Once you have Git installed return to the Jenkins dashboard and go to Manage Jenkins > Manage Plugins. Find the Git Plugin on the Available tab (note there’s a filter top-right of the page to help reduce the number of items to look through). Check the tick box next to the Git Plugin and click Install without restart. Note: You may get a message saying to need to restart Jenkins. Just check the restart checkbox and Jenkins will restart for you.

3. Configure Jenkins to be able to use MS Build

If you are building a Visual Studio project you’ll probably want to install the MSBuild Plugin. The process is the same as for installing the Git Plugin. Follow the process in step 2 above to do so.

That’s not all you need to do though. You’ll need to configure Jenkins to know where to find the MSBuild.exe. Go to Manage Jenkins > Configure System.


Scroll down to find the MSBuild section. Here you can add multiple MSBuild entries if you need to to match your requirements (e.g. different .Net versions, 32 or 64 bit, or maybe the version that comes with Visual Studio).


Note: I have been seeing the following warning when adding MSBuild entries:

C:\Windows\Microsoft.NET\Framework64\v2.0.50727\MSBuild.exe is not a directory on the Jenkins master (but perhaps it exists on some slaves)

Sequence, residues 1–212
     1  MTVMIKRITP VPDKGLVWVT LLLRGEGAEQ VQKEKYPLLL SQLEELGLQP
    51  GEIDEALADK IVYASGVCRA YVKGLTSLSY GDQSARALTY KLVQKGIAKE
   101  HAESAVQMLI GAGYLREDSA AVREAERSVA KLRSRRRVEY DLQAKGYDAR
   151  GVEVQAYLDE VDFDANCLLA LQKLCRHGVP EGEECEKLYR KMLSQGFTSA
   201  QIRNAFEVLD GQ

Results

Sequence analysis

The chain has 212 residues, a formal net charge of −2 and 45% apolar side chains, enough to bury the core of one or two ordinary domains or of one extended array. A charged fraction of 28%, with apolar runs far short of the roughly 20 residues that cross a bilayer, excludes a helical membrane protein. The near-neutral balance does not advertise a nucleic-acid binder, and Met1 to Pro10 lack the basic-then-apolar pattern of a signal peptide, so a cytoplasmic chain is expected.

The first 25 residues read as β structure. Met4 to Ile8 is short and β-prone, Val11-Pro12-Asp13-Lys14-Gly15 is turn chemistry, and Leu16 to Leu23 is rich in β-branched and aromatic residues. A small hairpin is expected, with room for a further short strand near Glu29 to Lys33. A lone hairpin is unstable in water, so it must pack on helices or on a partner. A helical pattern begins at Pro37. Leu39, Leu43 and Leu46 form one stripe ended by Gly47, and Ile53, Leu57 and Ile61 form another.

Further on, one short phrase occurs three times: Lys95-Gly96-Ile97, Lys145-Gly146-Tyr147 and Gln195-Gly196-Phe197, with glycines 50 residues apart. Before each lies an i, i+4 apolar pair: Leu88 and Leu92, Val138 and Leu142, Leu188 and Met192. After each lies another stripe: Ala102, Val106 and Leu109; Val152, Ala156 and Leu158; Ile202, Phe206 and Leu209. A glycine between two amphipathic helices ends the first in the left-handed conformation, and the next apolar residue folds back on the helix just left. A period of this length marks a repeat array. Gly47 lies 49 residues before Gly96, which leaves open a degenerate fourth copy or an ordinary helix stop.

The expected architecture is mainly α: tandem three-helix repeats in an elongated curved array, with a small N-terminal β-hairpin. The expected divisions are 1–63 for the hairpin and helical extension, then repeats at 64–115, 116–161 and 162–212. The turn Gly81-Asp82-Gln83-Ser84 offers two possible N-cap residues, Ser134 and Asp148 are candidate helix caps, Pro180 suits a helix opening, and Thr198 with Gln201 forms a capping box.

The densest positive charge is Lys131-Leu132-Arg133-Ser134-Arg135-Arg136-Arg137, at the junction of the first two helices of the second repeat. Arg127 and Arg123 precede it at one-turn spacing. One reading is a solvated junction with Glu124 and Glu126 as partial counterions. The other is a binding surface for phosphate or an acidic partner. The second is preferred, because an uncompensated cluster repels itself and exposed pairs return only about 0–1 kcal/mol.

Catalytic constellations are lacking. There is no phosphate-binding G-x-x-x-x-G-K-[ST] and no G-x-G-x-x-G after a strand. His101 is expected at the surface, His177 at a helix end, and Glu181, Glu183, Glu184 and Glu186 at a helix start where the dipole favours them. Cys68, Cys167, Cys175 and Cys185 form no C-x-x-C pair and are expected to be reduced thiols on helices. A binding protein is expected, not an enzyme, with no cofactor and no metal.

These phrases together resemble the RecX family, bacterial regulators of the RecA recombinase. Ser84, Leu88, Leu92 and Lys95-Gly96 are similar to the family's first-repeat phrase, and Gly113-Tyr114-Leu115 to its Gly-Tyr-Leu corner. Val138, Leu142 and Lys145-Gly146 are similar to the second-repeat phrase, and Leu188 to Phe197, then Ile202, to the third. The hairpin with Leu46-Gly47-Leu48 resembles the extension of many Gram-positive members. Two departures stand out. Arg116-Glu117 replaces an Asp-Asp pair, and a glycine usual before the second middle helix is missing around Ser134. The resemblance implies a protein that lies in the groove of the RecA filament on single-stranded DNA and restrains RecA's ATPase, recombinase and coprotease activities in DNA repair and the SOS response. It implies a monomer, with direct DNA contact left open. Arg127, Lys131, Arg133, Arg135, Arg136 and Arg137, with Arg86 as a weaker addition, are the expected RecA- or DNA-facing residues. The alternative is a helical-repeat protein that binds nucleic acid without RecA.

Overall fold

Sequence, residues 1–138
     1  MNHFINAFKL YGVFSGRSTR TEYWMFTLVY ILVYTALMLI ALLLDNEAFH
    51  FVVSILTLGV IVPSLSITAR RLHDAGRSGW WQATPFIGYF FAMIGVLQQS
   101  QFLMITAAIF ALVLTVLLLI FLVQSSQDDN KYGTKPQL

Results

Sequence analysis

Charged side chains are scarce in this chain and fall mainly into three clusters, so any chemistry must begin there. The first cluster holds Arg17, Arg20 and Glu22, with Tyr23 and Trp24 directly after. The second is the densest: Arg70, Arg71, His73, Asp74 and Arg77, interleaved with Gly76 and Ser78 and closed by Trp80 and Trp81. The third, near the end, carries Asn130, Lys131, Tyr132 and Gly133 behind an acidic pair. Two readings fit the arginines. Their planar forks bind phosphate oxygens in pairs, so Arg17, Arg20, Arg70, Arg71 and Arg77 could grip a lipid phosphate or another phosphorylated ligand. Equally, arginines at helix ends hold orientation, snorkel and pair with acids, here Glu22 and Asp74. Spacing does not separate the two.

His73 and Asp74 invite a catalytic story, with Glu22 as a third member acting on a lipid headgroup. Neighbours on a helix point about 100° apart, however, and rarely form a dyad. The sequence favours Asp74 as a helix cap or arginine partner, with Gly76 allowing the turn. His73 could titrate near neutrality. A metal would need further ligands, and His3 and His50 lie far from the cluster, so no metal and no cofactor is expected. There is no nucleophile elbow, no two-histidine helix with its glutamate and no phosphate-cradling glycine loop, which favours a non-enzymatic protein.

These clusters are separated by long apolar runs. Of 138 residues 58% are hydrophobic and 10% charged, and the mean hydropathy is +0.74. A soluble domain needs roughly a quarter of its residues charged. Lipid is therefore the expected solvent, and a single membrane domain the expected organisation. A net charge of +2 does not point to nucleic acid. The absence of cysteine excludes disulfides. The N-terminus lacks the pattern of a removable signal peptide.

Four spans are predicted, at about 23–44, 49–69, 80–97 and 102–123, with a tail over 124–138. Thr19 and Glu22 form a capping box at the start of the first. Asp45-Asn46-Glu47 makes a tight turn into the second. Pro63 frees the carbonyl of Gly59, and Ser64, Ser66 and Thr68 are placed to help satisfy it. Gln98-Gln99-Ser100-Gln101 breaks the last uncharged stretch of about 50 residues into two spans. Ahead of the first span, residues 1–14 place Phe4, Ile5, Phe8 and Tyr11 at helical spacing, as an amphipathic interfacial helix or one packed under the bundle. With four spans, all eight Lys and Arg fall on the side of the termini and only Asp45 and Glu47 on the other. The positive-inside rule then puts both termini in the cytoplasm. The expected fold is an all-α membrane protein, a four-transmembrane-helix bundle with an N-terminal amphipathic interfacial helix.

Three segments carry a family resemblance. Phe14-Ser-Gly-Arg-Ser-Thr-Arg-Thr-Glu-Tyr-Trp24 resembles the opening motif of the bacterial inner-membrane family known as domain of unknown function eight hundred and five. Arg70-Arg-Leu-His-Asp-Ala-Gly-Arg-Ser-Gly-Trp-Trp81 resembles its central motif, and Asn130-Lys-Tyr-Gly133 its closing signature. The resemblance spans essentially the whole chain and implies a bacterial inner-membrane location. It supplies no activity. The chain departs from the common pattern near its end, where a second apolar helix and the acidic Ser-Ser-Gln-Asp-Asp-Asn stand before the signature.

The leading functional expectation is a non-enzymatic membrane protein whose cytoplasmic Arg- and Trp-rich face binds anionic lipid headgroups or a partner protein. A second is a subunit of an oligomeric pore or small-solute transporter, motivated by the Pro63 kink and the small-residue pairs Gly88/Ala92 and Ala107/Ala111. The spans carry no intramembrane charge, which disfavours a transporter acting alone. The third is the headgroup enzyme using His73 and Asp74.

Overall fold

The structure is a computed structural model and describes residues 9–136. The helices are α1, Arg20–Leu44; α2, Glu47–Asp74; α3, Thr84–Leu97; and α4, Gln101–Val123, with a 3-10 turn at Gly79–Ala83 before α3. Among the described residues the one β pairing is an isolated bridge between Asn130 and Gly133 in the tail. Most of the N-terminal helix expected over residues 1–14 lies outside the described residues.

I’ve checked my configuration and no slaves are configured. I’ve also had a look at StackOverflow (Jenkins can't find msbuild) but none of the suggested answers work for me. However, MSBuild is being invoked and my builds are working. If I find a resolution I’ll post an update.

4. Setup a build

For my first Jenkins build I chose to use a small project I have that has no external dependencies (no NuGet packages etc.). It’s a very simple configuration service that I use in little projects.

I added a new item and chose Freestyle project before clicking OK.


I was then faced with the configuration page for the project. On this occasion I decided to keep things simple and work against a local Git repository. Under Source Code Management I chose Git and pointed the Repository Url at my local repository.


The next step was to get MSBuild to build the source. This is done in the Build section. When doing this make sure you choose the appropriate instance of MSBuild – choose from the MSBuild instances you configured in step 3 above – and make sure it’s not left as ‘default’. I didn’t bother with any Command Line Arguments but if you need to run specific build configurations (e.g. Release) you can add the appropriate MSBuild arguments in the text box provided.


Once I’d saved the configuration I was ready to go and all I had to do was click Build Now to trigger the build.


Once a build has completed the result is visible as a new item in the Build History. If you want to see what happened - maybe you want to start investigating a failed build - you can click on an item in the Build History and from there the Console Output to see the log that was generated by the build.

Wrapping up

So I got my first build to work. First impressions are that Jenkins lacks the slickness of Team City but it appears functional. Next steps for me are to investigate triggering the build when source code is committed and to get my NUnit unit tests to run as part of the build. Updates to follow.

Next: Automatically triggering a Jenkins build on Git commit